President – INDIO Trail – 1996 – Present
  In 1995 – I took a buy-out (early retirement)  from AT&T.  Some people say they escaped ‘corporate america’.  I don’t see it that way. That job allowed me to provide for my children and give them more than my parents could afford to give me and my brother.   While I was able to give my children more from a financial perspective…I don’t know that it was a better life. Ever hear the song “The cat’s in the cradle and a silver spoon…”?  
After ‘early retirement’ I needed purpose and meaning in my life. The formation of INDIO Trail in 1996 filled that need. Speaking engagements and workshops.  I enjoyed the travel and the people I met. The money was good for the non-profit. We were able to  buy equipment and work with people, communities, and other non profit organizations that couldn’t afford our services otherwise.
 In 1999  I had an opportunity to go on a ‘journey’. Travel to all of the American Indian Colleges with a focus on healing. Some of the equipment we had purchased was camera and video gear.  In 2000  – I celebrated my 50th b-day by joining a core group of about 30 people and we walked from Los Angeles to Washington D.C. in an effort to raise awareness of domestic violence.  Sometimes the group swelled to hundreds as we approached  larger cities. Police and Fire departments walked with us and acted as escorts to assist us. They see the ‘fresh impacts’ of violence – people like us deal with the scars and pain on the inside.  Almost daily on this walk… we held or attended  gatherings and ceremonies.

            Documentary/video I shot and edited during that Walk                 can be  viewed  on our Hawk Vision Productions  page.

 We had plans to go to Scotland in 2001. Walk from the Highlands to London. At the last minute our permits for the walk were pulled.  Mad Cow disease. Remember that? “No can’t walk…you might spread the disease across Scotland and England”. Never got to go. Bummer.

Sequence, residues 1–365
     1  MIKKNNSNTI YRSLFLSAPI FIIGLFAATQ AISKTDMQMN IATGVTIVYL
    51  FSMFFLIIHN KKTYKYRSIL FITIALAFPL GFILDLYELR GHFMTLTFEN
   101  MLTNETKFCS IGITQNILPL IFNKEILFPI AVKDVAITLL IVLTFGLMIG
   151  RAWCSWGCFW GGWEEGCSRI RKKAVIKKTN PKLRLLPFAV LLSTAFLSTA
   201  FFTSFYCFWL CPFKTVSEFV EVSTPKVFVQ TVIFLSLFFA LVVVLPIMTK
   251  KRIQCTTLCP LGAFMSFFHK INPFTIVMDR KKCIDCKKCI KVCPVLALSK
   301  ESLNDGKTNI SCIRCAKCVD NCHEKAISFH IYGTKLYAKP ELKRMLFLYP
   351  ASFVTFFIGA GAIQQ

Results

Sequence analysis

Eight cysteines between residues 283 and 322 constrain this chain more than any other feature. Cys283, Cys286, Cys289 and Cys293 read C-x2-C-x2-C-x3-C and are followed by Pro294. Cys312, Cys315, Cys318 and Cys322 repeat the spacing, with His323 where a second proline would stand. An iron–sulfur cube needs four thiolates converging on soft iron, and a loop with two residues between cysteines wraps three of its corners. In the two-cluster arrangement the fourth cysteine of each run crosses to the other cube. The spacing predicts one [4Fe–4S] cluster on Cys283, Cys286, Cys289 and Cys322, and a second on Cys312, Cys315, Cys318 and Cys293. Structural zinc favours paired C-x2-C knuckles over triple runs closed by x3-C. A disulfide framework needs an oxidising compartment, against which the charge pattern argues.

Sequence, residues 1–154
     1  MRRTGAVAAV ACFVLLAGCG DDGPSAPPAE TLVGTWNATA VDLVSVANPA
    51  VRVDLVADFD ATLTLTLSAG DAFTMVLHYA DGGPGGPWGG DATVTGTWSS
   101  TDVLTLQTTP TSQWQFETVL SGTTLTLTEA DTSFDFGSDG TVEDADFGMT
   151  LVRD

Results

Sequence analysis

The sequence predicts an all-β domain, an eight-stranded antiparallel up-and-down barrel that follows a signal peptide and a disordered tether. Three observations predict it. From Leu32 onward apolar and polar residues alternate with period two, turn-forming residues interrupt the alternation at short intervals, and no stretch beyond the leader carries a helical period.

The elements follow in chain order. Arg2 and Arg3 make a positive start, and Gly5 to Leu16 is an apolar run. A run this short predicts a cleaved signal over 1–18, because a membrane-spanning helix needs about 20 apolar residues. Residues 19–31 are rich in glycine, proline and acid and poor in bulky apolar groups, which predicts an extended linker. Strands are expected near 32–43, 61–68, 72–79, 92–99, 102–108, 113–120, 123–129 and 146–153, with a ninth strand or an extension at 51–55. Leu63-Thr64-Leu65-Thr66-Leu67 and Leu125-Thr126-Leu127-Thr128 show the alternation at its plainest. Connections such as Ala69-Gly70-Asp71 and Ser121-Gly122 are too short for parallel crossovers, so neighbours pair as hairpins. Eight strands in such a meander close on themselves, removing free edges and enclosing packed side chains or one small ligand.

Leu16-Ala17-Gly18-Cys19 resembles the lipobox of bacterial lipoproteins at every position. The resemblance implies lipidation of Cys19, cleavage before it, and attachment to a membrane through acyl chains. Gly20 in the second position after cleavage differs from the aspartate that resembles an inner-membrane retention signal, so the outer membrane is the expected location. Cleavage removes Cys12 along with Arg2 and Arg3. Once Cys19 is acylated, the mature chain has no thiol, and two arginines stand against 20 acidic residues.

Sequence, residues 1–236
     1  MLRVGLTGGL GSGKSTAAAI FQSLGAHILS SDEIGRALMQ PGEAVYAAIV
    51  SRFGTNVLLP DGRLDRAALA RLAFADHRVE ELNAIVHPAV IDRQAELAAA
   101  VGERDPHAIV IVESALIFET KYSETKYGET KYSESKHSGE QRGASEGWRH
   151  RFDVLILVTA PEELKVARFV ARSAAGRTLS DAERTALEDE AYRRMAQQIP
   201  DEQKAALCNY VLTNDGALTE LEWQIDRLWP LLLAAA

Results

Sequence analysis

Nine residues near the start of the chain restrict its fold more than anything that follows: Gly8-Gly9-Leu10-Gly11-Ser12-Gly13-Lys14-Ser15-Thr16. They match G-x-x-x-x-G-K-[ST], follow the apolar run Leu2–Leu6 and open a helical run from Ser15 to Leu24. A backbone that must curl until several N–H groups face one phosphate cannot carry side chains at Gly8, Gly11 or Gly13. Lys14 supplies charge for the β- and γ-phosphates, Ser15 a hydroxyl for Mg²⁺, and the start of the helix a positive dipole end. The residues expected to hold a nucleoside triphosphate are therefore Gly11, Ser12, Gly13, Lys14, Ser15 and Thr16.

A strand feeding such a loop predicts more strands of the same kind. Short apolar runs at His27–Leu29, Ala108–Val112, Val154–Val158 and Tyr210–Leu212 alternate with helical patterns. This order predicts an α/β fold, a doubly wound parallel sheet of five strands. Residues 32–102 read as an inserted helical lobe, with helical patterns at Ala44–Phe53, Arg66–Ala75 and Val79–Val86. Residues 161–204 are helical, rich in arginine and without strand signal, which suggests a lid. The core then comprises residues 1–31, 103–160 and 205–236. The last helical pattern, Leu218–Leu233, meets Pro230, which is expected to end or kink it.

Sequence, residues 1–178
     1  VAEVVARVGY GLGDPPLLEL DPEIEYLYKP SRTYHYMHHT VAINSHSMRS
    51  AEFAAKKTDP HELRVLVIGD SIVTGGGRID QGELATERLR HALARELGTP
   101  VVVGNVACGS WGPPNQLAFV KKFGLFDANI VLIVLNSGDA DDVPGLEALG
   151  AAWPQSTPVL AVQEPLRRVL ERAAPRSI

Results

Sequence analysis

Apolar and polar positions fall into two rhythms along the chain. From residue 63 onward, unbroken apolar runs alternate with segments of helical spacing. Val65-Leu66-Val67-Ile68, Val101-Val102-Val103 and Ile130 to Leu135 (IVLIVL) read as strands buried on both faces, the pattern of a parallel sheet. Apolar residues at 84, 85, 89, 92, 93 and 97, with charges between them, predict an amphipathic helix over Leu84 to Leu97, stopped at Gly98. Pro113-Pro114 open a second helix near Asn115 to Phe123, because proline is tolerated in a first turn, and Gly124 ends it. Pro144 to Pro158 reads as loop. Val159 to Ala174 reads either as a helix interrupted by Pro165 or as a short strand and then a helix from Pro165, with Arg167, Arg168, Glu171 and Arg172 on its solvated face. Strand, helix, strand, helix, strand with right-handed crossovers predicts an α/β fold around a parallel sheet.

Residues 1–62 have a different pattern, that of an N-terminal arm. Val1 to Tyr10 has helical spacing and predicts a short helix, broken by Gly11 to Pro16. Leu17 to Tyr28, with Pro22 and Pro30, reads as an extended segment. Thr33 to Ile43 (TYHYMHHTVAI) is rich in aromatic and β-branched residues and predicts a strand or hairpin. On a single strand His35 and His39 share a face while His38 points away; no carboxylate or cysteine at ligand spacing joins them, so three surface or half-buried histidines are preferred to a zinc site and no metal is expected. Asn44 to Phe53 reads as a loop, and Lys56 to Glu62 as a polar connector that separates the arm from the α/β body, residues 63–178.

The journeys went on for a few more years. Between the groups we partnered with  and INDIO Trail projects, I visited every state in North America – including Alaska. Also Mexico and Canada. Stayed at many nice hotels, ‘mom and pop’ motels, people’s homes, churches, slept in a van a few times. Witnessed the majesty of nature as well as the devastating impact we humans have had on Mother Earth in the name of progress and convenience. I’ve been humbled in the presence of our Veterans.  I’ve been to most Federal Prisons and many State – County Prisons in the U.S. When you work with perpetrators and gang members you sometimes go to places you never dreamed you would. And you know you’re probably not gonna get the tourist version of Detroit or a village in New Mexico when the directions read “get off at exit 59 and we will come bring you in”.  Oh…we worked with victims too. But I was not as effective with victims. When they cry… I cry.  

              Enjoyed the adventures and the people. My work gave me  experience in photography/videography – documentaries –  and journalism.  Many of the videos I created were used by other non-profit groups working in the fields of substance abuse, domestic violence, gangs, and suicide. The videos were also focused on healing, honoring Veterans and the promotion of cultural traditions.  My photos and writings have been published in nationally distributed newspapers and magazines. A few were  displayed at the opening of the Native American Wing of the Smithsonian. 

After so much time away from home… I took what I thought would be a short break to be with Grandchildren and Family.   But as the saying goes “Wanna make God laugh, tell him your plans.”   That short break turned into a few years.   I’m back now. And ready for whatever the future holds for INDIO Trail.       



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